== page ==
And this one, it was painful to not explore, as I am such a patient. The empowered patient: how to get the right diagnosis, buy the cheapest drugs, beat your insurance company, and get the best medical care every time. How can you not love a book where the first chapter is “How to be a ‘bad patient.'” (As in, question your doctor.) The second chapter is how to fire your bad doctor after you’ve found “Dr. Right.”

And the book that was the hardest to put aside, that I broke down and looked at a little bit: Masters: Collage. Collage is one of my favorite hobbies. ‘Nuff said.

And now, my dear ones, it is time to turn off the computers, head on out to enjoy the wonderful weather I understand we had all day. (Darn those windowless cataloging offices!)

#ALA10 advice for ALA conference 2010 (or, take it from me, DC is HUMID)

Another advice post? From a librarian who isn’t even attending this year’s conference? What does she think she is, a diva?

Well, no.  I had a once in a lifetime chance to see Carole King/James Taylor as the last concert at the Mellon Arena (fondly called the Igloo) here in Pittsburgh, and I’m recovering from a bout of Shingles. But I’ve attended at least 3 ALA conferences (Toronto, Chicago, Chicago) and 2 PLA conferences  (Boston, Minneapolis) so I have some conference experience…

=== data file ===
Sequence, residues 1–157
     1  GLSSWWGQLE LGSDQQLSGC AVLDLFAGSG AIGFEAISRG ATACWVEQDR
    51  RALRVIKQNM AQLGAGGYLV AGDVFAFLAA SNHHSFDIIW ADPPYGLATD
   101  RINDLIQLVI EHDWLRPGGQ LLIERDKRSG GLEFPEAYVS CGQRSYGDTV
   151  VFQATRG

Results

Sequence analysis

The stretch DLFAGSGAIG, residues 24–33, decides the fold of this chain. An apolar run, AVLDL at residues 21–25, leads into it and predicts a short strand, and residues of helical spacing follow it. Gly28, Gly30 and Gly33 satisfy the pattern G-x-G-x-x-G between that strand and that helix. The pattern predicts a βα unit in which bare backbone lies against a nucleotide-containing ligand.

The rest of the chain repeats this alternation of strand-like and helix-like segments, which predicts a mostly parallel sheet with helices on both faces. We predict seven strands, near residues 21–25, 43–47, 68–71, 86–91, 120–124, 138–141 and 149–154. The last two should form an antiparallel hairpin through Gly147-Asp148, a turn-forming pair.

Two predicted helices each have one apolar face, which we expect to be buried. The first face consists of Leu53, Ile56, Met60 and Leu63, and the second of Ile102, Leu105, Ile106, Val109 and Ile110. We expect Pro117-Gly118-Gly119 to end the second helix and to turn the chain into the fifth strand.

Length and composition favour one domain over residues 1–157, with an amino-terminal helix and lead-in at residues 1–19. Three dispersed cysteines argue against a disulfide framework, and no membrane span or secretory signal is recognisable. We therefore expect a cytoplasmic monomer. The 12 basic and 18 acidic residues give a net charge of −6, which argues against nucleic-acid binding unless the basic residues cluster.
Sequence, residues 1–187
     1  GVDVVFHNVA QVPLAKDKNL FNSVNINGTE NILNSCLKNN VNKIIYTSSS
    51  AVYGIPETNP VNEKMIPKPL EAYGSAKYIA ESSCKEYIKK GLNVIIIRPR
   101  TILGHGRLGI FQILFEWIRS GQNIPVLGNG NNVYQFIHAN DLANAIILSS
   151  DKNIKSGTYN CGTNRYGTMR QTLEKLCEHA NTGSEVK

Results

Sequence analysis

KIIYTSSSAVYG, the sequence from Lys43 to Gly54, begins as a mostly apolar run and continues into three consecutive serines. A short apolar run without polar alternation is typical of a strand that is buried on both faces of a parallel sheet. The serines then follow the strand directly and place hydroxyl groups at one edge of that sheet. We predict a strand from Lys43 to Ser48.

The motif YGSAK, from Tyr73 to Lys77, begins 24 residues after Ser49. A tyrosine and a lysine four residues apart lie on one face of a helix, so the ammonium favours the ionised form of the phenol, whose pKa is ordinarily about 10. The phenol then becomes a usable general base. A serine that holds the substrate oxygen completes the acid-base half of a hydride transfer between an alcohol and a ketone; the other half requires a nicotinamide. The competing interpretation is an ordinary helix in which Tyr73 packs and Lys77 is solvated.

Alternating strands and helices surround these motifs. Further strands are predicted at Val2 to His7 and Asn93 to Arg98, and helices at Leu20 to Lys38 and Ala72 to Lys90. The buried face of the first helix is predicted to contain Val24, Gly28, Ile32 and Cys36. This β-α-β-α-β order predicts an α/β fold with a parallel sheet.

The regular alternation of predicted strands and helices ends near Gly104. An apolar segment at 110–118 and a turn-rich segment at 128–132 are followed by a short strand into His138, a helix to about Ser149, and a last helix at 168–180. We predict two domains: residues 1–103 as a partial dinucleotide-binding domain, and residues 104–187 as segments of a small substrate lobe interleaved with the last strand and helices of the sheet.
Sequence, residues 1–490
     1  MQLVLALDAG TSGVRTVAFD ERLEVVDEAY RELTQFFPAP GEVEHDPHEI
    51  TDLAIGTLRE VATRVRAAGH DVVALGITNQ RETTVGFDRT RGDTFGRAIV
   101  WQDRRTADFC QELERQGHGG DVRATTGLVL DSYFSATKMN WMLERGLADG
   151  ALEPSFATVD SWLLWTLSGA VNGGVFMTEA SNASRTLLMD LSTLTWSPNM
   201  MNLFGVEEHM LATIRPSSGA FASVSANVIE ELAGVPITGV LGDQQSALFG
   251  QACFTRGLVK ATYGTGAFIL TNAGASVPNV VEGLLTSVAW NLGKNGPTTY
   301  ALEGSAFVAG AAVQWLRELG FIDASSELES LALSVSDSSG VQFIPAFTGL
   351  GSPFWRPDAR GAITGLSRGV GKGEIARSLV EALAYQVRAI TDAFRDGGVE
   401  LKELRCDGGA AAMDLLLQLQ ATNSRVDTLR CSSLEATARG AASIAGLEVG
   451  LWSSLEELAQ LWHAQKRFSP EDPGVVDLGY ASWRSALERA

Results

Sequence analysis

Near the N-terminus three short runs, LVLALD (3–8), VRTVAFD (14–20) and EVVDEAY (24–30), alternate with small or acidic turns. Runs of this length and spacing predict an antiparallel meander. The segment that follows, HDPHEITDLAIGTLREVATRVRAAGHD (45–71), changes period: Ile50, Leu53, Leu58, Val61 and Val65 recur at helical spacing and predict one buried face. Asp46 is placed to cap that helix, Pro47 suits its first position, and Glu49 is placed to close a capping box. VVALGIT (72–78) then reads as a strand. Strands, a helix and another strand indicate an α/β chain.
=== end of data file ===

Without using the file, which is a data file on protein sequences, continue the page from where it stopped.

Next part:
…and I’ve spent at least 11 years of my life in and outside the Beltway, so I thought I’d give you some tips about DC and some thoughts garnered from last year’s conference.

  • 5 day forecast from wunderground. DC is hot and humid, but any librarian worth her (or his) salt knows that the cardigan fits nicely in one of those Demco/B&N/Brodart/your vendor’s name here bags. You will be going in and out of the conference center, hotels, Metro stations…so dress for the weather (hot, humid) but carry a cardigan.